Sacramento’s CBS 13 is reporting that the severe drought affecting California is triggering a movement of rattlesnakes toward homes. Interviewed by CBS 13, rattlesnake wrangler Len Ramirez commented, “We’ve made four calls today and tonight; I don’t know how many I’m going to make this evening, but it’s going to be a long evening.”
Ramirez said he captured 72 rattlesnakes in one week. He added, “For a lot of homeowners just moving in from the Bay Area, first time encounter with a rattlesnake is kind of scary.” He said he is seeing more snakes closer to homes because of the drought.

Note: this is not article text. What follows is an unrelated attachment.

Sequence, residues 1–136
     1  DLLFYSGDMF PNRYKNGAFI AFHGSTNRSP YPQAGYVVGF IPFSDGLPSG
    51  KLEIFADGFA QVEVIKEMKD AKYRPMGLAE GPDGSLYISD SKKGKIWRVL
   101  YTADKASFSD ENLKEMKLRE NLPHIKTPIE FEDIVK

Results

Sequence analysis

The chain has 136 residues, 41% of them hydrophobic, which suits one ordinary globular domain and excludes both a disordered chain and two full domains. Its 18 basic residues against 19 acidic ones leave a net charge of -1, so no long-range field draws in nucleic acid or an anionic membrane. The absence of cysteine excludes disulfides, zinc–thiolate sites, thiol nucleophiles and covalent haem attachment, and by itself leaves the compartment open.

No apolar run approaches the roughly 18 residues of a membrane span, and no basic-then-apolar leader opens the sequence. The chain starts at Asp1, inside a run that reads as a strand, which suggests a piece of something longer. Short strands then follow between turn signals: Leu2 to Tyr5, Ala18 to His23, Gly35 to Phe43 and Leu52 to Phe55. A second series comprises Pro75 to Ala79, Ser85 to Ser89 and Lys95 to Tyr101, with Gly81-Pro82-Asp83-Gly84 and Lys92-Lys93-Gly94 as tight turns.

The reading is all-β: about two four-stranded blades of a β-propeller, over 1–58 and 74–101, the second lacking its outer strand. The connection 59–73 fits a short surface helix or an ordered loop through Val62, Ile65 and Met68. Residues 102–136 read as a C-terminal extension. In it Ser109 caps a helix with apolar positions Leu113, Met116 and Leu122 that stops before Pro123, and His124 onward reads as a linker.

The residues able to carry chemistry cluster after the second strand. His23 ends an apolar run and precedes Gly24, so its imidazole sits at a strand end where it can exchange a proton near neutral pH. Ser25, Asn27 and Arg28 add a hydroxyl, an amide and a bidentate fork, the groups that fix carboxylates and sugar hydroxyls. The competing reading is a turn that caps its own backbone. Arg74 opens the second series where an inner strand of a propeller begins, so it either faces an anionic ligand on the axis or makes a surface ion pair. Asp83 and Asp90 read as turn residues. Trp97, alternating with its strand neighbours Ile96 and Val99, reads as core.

As Ian Schwartz reported for CBS 13, people are not watering their grounds as much, leaving water by the street, so rodents are trying to get closer to water, bringing them toward homes; the snakes are following them.
Ramirez asserted that pets who sniff at rattlesnakes’ “homes” are attacked by the snakes, saying, “We see a lot of dogs being bitten, and horses.” He warned homeowners to keep their garage doors closed. Ramirez also stated that the area calling him the most for help is the El Dorado Hills area.